This Jonathan Creek episode contains nudity, suicide, violence

Classified 12 by BBFC. Suitable only for persons of 12 years and over.

Links

Jonathan Creek s02e03 The Scented Room (1998) – 8/10 black comedy crime mystery TV review

AmazonBuy The Scented Room at Amazon

Cast / crew
Jonathan Creek: Alan Davies
Maddy Magellan: Caroline Quentin
Writer: David Renwick
Bob Monkhouse: Sylvester Le Fley
Christine Kavanagh: Lady Theresa Cutler
Stuart Milligan: Adam Klaus
Producer: Verity Lambert
Director: Sandy Johnson
Executive Producer: David Renwick

Jonathan Creek s02e03 The Scented Room (1998)

Hated theatre critic Sylvester Le Fley is not on Jonathan’s list of favourite people but even he can’t resist a good mystery when a very valuable painting of Le Fley’s is stolen in broad daylight from a sealed room in a matter of seconds.

8/10

There’s just enough to pad out the highly entertaining little mystery but the series’ weak point, Caroline Quentin, gets a backstory sideplot to absolutely no positive effect. She even gets a dreadfully supercilious barb to a rich parent ("maybe you can buy him something he really wants: like a life") which really goes contrary to her dreadfully shallow and unconvincing portrayal of her character. You can see her acting constantly. While we instantly believed Alan Davies to be Jonathan Creek we have never and will never believe Caroline Quentin to be an investigative journalist or, indeed, any of her characters. She always appears to be an actress playing a role. Still, the mystery’s great (if a bit tricky to pull off, surely the painting wouldn’t behave and would just roll up and get stuck) and it finishes with a good gag.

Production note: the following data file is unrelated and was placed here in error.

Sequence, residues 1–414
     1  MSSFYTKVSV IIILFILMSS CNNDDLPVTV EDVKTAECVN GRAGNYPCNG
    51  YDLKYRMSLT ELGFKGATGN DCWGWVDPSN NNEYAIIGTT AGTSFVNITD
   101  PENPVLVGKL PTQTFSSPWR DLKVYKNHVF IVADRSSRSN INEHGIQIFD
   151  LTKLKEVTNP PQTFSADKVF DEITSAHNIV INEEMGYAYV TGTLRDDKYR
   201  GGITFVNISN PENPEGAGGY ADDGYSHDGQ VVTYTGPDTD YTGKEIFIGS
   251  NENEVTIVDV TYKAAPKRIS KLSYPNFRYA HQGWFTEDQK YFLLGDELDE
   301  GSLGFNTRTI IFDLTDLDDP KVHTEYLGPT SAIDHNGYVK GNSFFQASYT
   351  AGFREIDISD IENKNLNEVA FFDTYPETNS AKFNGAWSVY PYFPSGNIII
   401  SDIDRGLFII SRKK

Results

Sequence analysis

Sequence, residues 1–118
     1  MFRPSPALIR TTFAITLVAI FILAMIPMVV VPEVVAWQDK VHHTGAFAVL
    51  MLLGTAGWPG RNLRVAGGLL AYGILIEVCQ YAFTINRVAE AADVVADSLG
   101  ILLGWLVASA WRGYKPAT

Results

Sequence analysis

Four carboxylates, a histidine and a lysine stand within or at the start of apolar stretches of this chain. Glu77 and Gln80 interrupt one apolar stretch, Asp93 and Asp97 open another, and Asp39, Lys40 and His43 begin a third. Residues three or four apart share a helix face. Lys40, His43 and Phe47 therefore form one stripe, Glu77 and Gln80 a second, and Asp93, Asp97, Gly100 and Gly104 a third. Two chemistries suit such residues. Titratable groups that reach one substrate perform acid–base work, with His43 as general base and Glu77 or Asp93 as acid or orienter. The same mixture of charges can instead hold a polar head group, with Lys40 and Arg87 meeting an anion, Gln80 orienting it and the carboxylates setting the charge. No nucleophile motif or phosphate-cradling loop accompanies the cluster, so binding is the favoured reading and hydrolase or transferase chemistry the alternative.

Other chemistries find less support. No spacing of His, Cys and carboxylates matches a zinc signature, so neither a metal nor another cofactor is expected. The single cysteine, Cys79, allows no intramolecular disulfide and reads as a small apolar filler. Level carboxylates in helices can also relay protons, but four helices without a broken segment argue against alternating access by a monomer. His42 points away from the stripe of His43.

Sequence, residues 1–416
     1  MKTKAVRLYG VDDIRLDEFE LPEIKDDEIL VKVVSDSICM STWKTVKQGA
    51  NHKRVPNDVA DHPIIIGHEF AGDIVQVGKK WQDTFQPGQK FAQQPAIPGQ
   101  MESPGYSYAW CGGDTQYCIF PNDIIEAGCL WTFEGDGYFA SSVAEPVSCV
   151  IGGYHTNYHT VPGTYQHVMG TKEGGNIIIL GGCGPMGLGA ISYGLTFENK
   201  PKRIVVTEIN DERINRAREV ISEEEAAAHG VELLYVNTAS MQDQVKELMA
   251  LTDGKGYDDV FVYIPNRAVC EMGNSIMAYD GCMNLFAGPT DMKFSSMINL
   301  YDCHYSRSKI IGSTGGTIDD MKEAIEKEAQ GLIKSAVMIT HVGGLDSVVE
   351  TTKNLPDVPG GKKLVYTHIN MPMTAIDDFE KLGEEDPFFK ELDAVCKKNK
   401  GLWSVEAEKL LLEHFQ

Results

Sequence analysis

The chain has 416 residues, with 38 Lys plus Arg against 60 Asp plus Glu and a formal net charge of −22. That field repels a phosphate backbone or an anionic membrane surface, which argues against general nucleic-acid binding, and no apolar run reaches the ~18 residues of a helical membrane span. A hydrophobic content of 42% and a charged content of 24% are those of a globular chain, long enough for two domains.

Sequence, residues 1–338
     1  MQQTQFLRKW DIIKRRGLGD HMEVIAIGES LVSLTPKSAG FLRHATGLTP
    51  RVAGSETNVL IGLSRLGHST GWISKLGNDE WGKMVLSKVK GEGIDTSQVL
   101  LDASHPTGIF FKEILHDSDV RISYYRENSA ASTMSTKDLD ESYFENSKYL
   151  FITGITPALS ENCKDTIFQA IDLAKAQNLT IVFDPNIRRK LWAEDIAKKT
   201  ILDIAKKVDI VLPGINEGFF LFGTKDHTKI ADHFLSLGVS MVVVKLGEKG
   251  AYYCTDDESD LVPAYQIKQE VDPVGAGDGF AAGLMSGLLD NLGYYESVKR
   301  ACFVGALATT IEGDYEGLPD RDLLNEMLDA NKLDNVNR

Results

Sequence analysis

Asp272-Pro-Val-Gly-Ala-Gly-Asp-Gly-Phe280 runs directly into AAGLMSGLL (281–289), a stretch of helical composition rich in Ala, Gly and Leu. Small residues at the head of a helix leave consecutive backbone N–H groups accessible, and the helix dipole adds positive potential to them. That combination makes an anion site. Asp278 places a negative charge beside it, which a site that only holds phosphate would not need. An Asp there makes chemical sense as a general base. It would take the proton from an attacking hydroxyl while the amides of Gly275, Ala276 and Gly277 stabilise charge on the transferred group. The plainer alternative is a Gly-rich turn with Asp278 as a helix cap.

This Jonathan Creek episode contains mild swear words, mild adult dialogue and innuendo

Classified 12 by BBFC. Suitable only for persons of 12 years and over.

Links

Jonathan Creek s02e02 Time Waits for Norman (1998) – 8/10 black comedy crime mystery TV review

Cast / crew
Jonathan Creek: Alan Davies
Maddy Magellan: Caroline Quentin
Executive Producer and Writer: David Renwick
Dermot Crowley: Norman Stangerson
Deborah Grant: Antonia Stangerson
Producer: Verity Lambert
Director: Sandy Johnson

Jonathan Creek s02e02 Time Waits for Norman (1998)

Another mystery for Jonathan Creek when the husband of Maddy’s publisher appears to have been on two continents at the same time.

8/10